June 6, 2011, The Wall Street Journal
An increasing number of world leaders are concluding that laws against drug consumption do more harm than good.
By MARY ANASTASIA O'GRADY
Tomorrow marks the 79th anniversary of the beginning of the end of the U.S. prohibition on alcohol. On that day in 1932 John D. Rockefeller Jr., a vociferous advocate of temperance, called for the repeal of the 18th amendment in a letter published in the New York Times.
Rockefeller had spent hundreds of thousands of dollars lobbying for the constitutional prohibition on alcohol. But his letter did more than admit the error of his investment. Because of his moral authority on the matter, it effectively ended the conservative taboo against admitting that the whole experiment had failed.
Rockefeller had not changed his views on the destructiveness of drink, and he asked for ongoing "support of practical measures for the promotion of genuine temperance." But he insisted that lifting prohibition was essential if America was to "restore public respect for the law."
Rockefeller's reversal came to mind last week when former Secretary of State George Shultz, former Federal Reserve Chairman Paul Volcker, former NATO Secretary General Javier Solana, three former Latin American presidents from Brazil, Colombia and Mexico, and the current prime minister of Greece (among others) issued a joint report—as the Global Commission on Drug Policy—"describ[ing] the drug war as a failure and call[ing] for a paradigm shift in global drug policy."
Like Rockefeller, the commission members do not embrace a laissez-faire policy toward drug use. But they recognize, as he did, that the attempt to use force to halt consumption has been disastrous. They recommend alternative approaches to controlling substances and more emphasis on treatment for addicts.
The parallels between the situation Rockefeller faced and today's scandalous war on drugs are dramatic. The wealthy philanthropist had begun his campaign against alcohol with great expectations. "When the Eighteenth Amendment was passed I earnestly hoped—with a host of advocates of temperance—that it would be generally supported by public opinion" and, he wrote, that teetotaling would eventually take hold.
"That this has not been the result but rather that drinking generally has increased; that the speakeasy has replaced the saloon, not only unit for unit, but probably two-fold if not three-fold; that a vast army of lawbreakers has been recruited and financed on a colossal scale; that many of our best citizens, piqued at what they regarded as an infringement of their private rights, have openly and unbashed[ly] disregarded the Eighteenth Amendment; that as an inevitable result respect for all law has greatly lessened; that crime has increased to an unprecedented degree—I have slowly reluctantly come to believe."
He noted that any "benefits" from the 18th amendment were "more than outweighed by the evils that ha[d] developed and flourished since its adoption, evils which, unless promptly checked," were "likely to lead to conditions unspeakably worse than those which prevailed before."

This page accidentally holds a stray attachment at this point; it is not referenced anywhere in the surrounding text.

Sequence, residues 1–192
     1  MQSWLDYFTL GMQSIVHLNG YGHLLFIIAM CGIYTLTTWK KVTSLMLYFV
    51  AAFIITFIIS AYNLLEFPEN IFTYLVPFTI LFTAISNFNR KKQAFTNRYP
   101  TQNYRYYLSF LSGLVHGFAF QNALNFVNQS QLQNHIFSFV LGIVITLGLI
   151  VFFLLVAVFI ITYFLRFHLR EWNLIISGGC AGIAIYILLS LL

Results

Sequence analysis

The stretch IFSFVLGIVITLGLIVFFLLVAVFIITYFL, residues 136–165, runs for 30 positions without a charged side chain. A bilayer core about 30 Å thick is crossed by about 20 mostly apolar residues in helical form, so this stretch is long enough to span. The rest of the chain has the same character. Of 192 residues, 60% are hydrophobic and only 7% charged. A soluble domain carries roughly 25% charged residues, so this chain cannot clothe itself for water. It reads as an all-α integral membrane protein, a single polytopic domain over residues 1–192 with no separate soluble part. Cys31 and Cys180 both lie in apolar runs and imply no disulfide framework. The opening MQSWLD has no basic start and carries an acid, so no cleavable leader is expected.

Sound familiar? Almost 100 years after drug prohibition was ushered in, school children report that they can easily access narcotics and surveys indicate they are used across social classes. A May 23 story in the Economist reported that Canada now trumps Mexico as an entryway into the U.S. for the drug "ecstasy." American jails are taking in record numbers of young minorities and converting them into hardened criminals; gang violence is on the rise; organized crime is undermining U.S. geopolitical interests in places like Mexico, Central America and Afghanistan. Thousands of innocents, including children, have been killed in the mayhem.
Having produced nothing but hardship for the most vulnerable, disrespect for the rule of law, terror in formerly peaceful cities and profit opportunities for gangsters, drug warriors now want to militarize the southern U.S. border.
If history is any guide, says Angelo Codevilla, in a recent Claremont Review of Books essay titled "Our Borders, Ourselves," this isn't going to end well. Look at what happened, he warns, in the Peloponnesian War when hostility broke out on the Athenian doorstep: "Having lost a friendly border, Athens turned itself inside out trying to secure an unfriendly one."
The border is unfriendly not because of too few fences, drones or soldiers, but because American drug habits finance the traffickers. "These dollars, and nothing else," writes Mr. Codevilla, "are responsible for the near collapse of law and order south of the border and for the insufficiently publicized corruption on the northern side."
We have met the enemy and it is us, the Claremont Institute scholar posits: "Even if our southern border were completely closed off . . . it would do nothing to change the fact that mind-altering drugs have become morally and politically acceptable to mainstream American society."
Americans can cut their demand, perhaps with education and by stigmatizing use, as was done with cigarettes. But until then, victory is unlikely. As Mr. Codevilla notes: "America's assumption that restricting supply can somehow make it safe for us to tolerate widespread drug use has itself proved to be a habit-forming narcotic that has reduced our sensitivity to moral rot." Rockefeller could not have said it better.